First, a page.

Chinese and British scientists have identified a neural connection between depression and sleep problems, potentially helping health professionals to better understand and treat the conditions.
Researchers at Fudan University in Shanghai and Britain’s University of Warwick found a link between the areas of the brain associated with short-term memory and negative emotions that may cause sufferers to dwell on bad thoughts and lead to poor-quality sleep.
“These findings provide a neural basis for understanding how depression relates to poor sleep quality, something that has been observed for more than 100 years,” said Feng Jianfeng, head of Fudan University’s Institute of Science and Technology for Brain-Inspired Intelligence.
The results of the study, led by Feng and his colleague, Cheng Wei, along with Edmund Rolls from Warwick’s Department of Computer Science, were published in the science journal JAMA Psychiatry last week.
“The findings have implications for the treatment of depression and improvement of sleep quality,” Feng said.
According to Cheng, depression and sleep problems often go hand-in-hand.
About 75 percent of depressed patients report significant levels of sleep disturbance, such as difficulty falling asleep and short durations of sleep, or insomnia.
People with insomnia also have a higher risk of developing depression and anxiety than those who sleep normally.
The research was launched at Fudan in 2010. Analyzing data from around 10,000 people, the researchers examined the neural mechanisms underlying the relationship between depression and quality of sleep.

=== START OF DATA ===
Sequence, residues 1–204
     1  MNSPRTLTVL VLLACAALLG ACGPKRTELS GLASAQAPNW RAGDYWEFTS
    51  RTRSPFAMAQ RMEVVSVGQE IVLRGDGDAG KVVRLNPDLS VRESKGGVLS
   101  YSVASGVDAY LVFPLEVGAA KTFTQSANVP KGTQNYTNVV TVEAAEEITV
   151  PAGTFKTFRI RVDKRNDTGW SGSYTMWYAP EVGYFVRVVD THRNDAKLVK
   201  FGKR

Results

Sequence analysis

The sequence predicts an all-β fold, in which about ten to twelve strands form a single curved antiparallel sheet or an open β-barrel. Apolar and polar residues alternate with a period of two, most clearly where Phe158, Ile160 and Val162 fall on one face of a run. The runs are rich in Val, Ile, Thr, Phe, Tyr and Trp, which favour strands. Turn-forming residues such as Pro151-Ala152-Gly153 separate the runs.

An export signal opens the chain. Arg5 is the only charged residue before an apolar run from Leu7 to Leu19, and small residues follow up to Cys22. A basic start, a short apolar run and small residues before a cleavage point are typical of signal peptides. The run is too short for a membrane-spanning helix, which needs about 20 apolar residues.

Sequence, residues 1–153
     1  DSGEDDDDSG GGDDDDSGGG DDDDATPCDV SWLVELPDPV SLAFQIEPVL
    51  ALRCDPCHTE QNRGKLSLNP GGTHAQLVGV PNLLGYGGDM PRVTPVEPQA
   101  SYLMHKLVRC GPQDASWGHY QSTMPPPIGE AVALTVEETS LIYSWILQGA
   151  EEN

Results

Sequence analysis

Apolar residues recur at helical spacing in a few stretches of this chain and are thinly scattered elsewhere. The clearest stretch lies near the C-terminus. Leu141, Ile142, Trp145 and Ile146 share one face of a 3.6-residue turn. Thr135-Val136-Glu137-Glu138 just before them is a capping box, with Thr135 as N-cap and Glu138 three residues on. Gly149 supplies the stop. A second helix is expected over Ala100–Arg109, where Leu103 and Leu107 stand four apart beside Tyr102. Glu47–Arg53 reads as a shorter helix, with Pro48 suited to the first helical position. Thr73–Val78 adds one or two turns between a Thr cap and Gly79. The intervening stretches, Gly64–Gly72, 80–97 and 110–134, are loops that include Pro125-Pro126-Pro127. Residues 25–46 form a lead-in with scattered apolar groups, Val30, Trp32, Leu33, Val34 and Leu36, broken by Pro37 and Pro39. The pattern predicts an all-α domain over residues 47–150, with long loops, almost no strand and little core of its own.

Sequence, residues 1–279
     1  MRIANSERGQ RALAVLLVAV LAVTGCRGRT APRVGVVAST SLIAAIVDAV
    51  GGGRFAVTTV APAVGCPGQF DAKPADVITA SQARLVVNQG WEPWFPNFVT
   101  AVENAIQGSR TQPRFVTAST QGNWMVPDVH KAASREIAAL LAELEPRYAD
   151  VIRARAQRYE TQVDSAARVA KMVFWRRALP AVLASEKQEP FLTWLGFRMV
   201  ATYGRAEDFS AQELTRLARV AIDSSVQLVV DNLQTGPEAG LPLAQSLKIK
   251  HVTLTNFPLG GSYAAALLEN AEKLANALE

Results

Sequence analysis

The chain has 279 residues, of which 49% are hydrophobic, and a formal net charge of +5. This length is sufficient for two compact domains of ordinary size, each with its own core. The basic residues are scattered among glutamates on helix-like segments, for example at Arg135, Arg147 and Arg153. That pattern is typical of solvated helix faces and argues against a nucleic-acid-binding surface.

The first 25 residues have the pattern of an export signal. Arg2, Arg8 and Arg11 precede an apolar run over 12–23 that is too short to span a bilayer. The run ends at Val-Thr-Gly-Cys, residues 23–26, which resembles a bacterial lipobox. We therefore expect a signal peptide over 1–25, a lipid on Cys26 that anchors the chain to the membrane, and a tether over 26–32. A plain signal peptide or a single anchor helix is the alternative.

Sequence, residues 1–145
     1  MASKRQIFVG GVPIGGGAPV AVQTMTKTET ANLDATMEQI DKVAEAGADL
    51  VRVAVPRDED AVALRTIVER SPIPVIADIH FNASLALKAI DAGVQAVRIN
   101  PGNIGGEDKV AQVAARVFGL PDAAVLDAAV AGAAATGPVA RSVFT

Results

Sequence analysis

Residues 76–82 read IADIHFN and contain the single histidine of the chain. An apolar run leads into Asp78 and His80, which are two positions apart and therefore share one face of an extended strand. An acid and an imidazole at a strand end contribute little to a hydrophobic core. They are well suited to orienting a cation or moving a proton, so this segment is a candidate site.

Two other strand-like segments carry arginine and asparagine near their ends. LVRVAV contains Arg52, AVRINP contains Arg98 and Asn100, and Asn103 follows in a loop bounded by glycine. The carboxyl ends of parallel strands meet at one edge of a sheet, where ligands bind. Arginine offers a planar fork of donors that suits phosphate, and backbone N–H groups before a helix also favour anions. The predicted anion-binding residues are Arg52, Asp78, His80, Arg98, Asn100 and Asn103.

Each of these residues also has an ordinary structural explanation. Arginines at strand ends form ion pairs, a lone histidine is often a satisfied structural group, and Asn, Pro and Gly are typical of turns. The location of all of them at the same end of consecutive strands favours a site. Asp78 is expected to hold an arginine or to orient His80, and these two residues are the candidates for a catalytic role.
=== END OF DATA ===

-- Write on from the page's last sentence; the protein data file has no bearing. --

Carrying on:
In the brains of those living with depressive problems, they discovered a strong connection between the precuneus, an area associated with the self; the lateral orbitofrontal cortex, an area associated with negative emotion; and the dorsolateral prefrontal cortex, an area associated with short-term memory.
“The increased functional connectivity between these brain areas provides a neural basis for how depression is related to poor sleep quality, and results in increased ruminating thoughts that are at least part of the mechanism that impairs sleep quality,” Feng said.
“This research could lead to better sleep quality for people with depression, and opens up the possibility of new targeted treatments,” he said.
This piece by Li Yan was originally published on ‘Ecns’, 1 August 2018.